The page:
For review a bad game day this year I’ve decided to look at a Play Station 2 title.
I know some people view the PS2 as being too new to truly count as a retro console and, considering its’ abilities to deliver fully textured worlds streamed from a DVD, they might have a point. However I think the game I’ll be discussing demonstrates just how much of a retro console the PS2 really is.
My choice then is none over than defunct Team Soho’s epic GTA-em-up, The Getaway. Originally released back at the end of 2002, it was a game released back when the PS2 had really hit its prime.
Based entirely around a surprisingly realistic map of central London, the plot of the game sees the player drive and shoot their way to the bottom of a classic Cock-er-ny crime caper that was clearly inspired by contemporary films Lock Stock & Two Smoking Barrels and Snatch.
Where (the recently released) GTA: Vice City had set itself out as an outrageous parody – complete with motor bike stunts, ridiculous side missions and hijack able attack helicopters – The Getaway sought to handle itself with grit, seriousness and a relentlessly immovable straightness. This was to be less of a video game and more an interactive movie – It’s clear Team Soho wanted this game to be perceived with the gravitas inevitably reserved for cinematic greats.
This quest for a cinematic experience permeated all the way through to the game’s interface. If The Getaway has one defining characteristic today, it’s the ambitious attempt by Team Soho to remove all of the obtrusive video game furniture from the screen. Health bar? Ammo counter? Map or other superimposed hint of where you have to go? No sorry, there’s none of that here.
Instead, you’re left looking for subtle cues in the game world: Blood stains on the player’s clothing warn of damage, blinking car indicators tell you which way you need to go, a sudden absence of the ability to shoot warns you its time to reload. Blimey.
How well do these cues work? Actually surprisingly well. The lack of an ammo counter makes you much more mindful when entering a fire fight and the blood stains are actually a pretty intuitive way of realising that your character has taken damage.
In fact, at an execution level, the indicator-based navigation was the only real misstep here. If you’re completely unfamiliar with London, you’ll be left with no clear idea of where you’re going, which means the indicator blinking can lead you down blind alleys and into oncoming traffic.
Meanwhile, if Transport for London’s real-world incompetence has left you in a position of knowing every conceivable route between South West and North East London, Sony Liverpool’s subtle removal of a couple of key junctions and cut throughs from the city map leaves you equally in the dark.
It’s a shame, as some sort of navigation aid (even if it was only accessible from the pause menu) would have aded so much to the game. Particularly once the player had unlocked the free roaming mode.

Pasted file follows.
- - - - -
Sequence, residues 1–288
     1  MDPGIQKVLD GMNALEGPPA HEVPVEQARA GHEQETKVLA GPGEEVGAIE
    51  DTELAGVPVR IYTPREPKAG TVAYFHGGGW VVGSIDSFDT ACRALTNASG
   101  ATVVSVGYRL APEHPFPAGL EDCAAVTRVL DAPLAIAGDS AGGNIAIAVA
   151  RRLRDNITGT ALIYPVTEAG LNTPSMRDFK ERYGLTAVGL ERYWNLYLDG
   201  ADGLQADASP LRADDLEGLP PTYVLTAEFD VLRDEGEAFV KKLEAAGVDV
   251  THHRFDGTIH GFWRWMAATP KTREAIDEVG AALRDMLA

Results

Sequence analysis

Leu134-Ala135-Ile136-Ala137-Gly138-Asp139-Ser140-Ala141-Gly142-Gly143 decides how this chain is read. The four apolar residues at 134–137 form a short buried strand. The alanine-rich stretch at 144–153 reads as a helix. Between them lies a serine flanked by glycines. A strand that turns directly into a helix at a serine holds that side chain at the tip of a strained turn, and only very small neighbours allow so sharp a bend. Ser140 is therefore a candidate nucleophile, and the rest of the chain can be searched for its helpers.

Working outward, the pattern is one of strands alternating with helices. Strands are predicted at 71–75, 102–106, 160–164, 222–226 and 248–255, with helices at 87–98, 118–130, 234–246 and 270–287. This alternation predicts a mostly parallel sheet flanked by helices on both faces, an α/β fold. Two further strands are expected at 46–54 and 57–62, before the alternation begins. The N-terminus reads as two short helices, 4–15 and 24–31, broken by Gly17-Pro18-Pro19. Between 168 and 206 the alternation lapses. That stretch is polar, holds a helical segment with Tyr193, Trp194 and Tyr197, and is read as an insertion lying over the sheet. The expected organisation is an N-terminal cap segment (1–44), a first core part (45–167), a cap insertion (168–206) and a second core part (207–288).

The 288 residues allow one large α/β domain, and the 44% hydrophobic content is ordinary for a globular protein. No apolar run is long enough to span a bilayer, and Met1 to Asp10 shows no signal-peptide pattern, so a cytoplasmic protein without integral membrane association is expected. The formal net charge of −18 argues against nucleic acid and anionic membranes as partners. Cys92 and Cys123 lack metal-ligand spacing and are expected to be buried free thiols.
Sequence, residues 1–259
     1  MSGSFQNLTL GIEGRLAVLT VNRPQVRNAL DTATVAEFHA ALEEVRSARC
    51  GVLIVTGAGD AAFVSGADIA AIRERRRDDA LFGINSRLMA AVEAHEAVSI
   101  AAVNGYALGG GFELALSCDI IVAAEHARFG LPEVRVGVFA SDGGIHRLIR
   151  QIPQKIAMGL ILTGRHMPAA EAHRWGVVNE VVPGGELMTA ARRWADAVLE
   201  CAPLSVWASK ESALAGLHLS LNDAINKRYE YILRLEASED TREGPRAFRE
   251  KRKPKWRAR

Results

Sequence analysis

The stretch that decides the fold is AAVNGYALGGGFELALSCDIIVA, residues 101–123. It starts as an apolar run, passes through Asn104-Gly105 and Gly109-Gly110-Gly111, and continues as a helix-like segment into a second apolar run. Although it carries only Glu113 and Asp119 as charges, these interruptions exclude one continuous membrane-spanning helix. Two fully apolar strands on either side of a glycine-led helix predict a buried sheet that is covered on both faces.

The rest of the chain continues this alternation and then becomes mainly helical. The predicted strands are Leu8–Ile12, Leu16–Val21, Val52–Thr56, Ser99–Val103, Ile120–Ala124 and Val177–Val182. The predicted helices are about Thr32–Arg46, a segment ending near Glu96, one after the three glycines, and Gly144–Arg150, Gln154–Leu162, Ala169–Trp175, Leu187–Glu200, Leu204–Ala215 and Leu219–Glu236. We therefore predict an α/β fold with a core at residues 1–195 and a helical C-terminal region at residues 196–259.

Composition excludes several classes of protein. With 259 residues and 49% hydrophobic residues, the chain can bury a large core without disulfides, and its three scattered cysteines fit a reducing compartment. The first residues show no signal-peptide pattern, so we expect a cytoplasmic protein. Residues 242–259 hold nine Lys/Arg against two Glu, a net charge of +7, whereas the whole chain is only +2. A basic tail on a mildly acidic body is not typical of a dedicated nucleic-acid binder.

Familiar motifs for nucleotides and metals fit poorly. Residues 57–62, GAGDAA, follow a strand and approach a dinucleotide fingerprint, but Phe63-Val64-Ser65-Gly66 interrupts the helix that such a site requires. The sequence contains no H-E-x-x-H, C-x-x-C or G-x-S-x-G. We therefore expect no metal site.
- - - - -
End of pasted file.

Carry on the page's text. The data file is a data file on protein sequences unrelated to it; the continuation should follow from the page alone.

Now, with that gripe out of the way, why are we looking at this on Review a Bad Game Day? It’s true that a slightly flawed system of navigation isn’t quite enough to damn and entire game, and it’s also true that, from the interesting 3rd person aiming mechanics through to the satisfying ways car windows break, there’s a lot to like about The Getaway.
Unfortunately, what fundamentally lets The Getaway down is the fact that its a game before its time.
You see, though there’s a lot to like, there’s lots of of execution errors that really let things down. The shooting mechanics, in particular are a big problem. Though Sony Liverpool took an interesting approach – as you hold the aim button the camera zooms over your character’s shoulder, forcing you to use the sight on the actual in game gun to aim – any respect is immediately lost the second you realise that the even the most gentle and delicate movement of the control sticks inevitably translates to some sort of jerky hyperactive horror show on screen.
Driving is marred by a similar issue. Though the solid physics are (on paper at least) preferable to the flip-friendly world of Vice City, they’re let down by a vague imprecise floatiness. The AI really doesn’t help matters either, flipping randomly between being unstoppably relentless in pursuit of the player and hopelessly blind to everything around it.
Then, of course, there are the inevitable bugs. The Getaway has some pretty tough firefights, so to survive one only to meet a sticky end by falling inexplicably through the game world is a tad disappointing to say the least.
That’s not to say there also weren’t a couple of questionable design choices in there as well, mind you. Alongside the navigation, the Halo-inspired health regeneration mechanic seems a bit of a misstep that detracts from the natural rhythm of the gunplay (apparently deep breaths can heal gunshot wounds.) As with many a GTA clone, the free roaming mode also demonstrates that a detailed game world is nothing if there aren’t interesting things to do in it.
The Getaway was an ambitious game let down by a number of execution errors then, but is it a retro game? That’s a good question.